By Koigi Wa Wamwere
Parliament elected me as the chair of the Public Accounts Committee (PAC) in April 1981.
However, the State moved against me. President Moi even threatened me. He said if I did not resign from the leadership of PAC, he would dissolve the committee. He had dissolved the Foreign Affairs Committee earlier.
Corrupt civil servants contested my position as the chairperson of the committee. They feared that I would use the committee to witch-hunt civil servants. The President’s threat was neither fair nor right. The civil servants’ charge was also baseless.
Therefore, I refused to budge. Budging would have meant conceding that the executive had a right to interfere in the functioning of the committee.
I lost my seat to corruption
Nevertheless, the government had the muscles that I lacked. Finally, it forced the other members into the government-sponsored elections to vote me out of the leadership.
They did this supposedly in order to “save” the committee from Presidential dissolution. Yet, in reality, it was in order to subject the committee to the dictates of the executive.
Once the executive succeeded in imposing a chairperson on the committee, the committee would be no more in a position to expose corruption. It could only conceal it.
Inside the committee, corruption varied from the President giving members of the committee extra jobs as directors of this or that parastatal, or licenses for lucrative businesses.
Once, the MP who became chair of the committee after I, told us that committee membership was our only chance to get what we wanted from the government that was anxious to have us conceal or not dig up corruption.
Sure enough, the said MP soon secured the leadership of a Presidential commission.
Inside the committee, guilty parties who feared negative recommendations from the committee offered outright bribes of money to members of the committee. These bribes were to persuade members not to vote in the committee against such parties.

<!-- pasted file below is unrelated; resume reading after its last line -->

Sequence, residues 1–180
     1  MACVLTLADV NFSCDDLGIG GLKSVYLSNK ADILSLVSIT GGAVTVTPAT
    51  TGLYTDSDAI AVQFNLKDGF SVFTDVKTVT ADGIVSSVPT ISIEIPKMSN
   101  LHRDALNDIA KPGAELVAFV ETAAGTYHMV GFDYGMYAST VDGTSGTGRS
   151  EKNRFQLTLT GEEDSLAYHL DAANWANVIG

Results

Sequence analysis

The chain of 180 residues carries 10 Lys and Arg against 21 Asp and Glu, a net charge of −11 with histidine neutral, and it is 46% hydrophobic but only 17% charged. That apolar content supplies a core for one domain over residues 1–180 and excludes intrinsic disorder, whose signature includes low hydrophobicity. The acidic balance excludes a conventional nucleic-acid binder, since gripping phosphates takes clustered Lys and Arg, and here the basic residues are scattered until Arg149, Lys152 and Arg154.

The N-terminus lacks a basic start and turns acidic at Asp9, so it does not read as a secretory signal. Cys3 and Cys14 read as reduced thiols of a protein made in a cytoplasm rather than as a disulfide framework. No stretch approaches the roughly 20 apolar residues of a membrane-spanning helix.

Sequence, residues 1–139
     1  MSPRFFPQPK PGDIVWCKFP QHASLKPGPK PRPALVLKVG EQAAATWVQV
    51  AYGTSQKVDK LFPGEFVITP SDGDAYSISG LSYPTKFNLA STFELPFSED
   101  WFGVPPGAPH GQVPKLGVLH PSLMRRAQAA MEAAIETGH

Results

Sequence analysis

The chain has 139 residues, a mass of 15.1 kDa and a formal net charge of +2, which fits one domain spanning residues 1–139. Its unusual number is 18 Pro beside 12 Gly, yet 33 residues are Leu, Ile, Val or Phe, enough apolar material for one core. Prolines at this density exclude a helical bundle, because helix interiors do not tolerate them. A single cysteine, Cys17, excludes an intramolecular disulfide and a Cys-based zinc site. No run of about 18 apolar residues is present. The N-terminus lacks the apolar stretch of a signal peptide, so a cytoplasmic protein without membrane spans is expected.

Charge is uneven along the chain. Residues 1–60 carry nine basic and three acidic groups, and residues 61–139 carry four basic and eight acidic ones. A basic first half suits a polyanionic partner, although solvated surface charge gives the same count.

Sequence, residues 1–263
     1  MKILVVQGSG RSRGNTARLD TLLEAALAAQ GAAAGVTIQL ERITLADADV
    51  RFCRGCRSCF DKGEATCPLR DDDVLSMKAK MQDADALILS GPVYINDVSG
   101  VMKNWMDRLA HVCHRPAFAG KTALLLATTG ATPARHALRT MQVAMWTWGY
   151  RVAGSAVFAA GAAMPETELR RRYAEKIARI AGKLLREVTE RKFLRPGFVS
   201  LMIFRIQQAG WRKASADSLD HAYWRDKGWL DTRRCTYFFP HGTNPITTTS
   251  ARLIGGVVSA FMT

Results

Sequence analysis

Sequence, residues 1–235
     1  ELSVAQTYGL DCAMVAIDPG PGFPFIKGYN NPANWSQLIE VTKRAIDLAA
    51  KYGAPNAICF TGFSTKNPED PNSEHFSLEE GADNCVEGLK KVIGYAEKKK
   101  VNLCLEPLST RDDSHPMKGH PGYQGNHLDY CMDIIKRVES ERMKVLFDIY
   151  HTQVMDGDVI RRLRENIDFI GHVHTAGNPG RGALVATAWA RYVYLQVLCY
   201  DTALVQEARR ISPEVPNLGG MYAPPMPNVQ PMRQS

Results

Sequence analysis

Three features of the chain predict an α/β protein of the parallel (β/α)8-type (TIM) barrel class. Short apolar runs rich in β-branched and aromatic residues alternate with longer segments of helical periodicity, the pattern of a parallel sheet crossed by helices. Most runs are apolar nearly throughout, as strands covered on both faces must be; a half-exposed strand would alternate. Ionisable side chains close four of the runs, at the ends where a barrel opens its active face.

They tried to bribe me but I refused
One day, an assistant minister for health called me out of a PAC meeting. He wanted to give me KSh25,000 from a pharmaceutical company.
The company wanted parliament to remove it from a blacklist of companies that could no longer supply drugs to public hospitals because of malpractices.
I turned down the bribe, unlike another MP who had accepted a brand new Mercedes Benz to defend a guilty company on the floor of the House. The corrupt assistant minister soon became a full minister.
Shariff Nassir called us fools for refusing to take these bribes. “Do you think anybody here depends on his salary? You will die a poor man if that is what you think.” We told him “man does not live by bread alone”.
Soon after, the government silenced me more permanently by taking me out of Parliament and detaining me. Yet, even after the Second Liberation, Parliament remains captive to corruption.
In March 2012, a report chaired by Hon Mohammed Affey on the distribution of advertisement funds outside the Public Procurement & Disposal Act never saw the floor of Parliament in circumstances that smacked of graft.
My best school about corruption as perpetrated for wealth rather than need was the years that I was a member of Public Accounts Committee in both the fourth and the ninth Parliament.
Of all committees in the fourth Parliament, only PAC seemed to draw respect from top civil servants. Their attitude towards Parliament was contemptuous, to say the least.
The executive could not help but see Parliament as a toothless bulldog, which it still is. Yet, some civil servants think that the committee can bite. This is despite that the government has perfected the art and science of emasculating Parliament.
PAC is still as good as dead
For the entire period that I was a member of PAC in the fourth Parliament, PAC recommendations to Parliament were only noted. Parliament never adopted or implemented them against the many cases of blatant corruption in the Kenya government.
The PAC was and still is, for all practical purposes, as good as dead.
In fact, every time we tabled our recommendations to Parliament, we found ministers doing all they could to kill the report. This included colluding with the Speaker not to allow members of the PAC to speak in Parliament.
Every time members emasculated and killed a PAC report on the floor of Parliament, as an MP, I felt dejected and emasculated.
Corruption runs through every vein of our body politic. Even the PAC, the last institutional safeguard against corruption, is not free from the scourge of this cancer.
Using the state and Parliament, the forces of corruption have managed to emasculate the PAC. They have turned it into a gravy train, a voiceless and toothless watchdog. It no longer has the voice to bark at and frighten, or teeth to bite thieves of public funds.
It can only extort bribes from thieves. Thereafter. it can only silently watch as the thieves come and go, taking with them whatever they able to carry.